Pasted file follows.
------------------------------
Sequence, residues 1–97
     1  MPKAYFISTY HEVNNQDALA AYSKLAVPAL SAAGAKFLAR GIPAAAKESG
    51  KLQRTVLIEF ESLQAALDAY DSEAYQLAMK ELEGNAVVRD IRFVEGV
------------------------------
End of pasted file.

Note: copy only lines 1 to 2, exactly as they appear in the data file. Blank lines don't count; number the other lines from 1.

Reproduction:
Sequence, residues 1–97
     1  MPKAYFISTY HEVNNQDALA AYSKLAVPAL SAAGAKFLAR GIPAAAKESG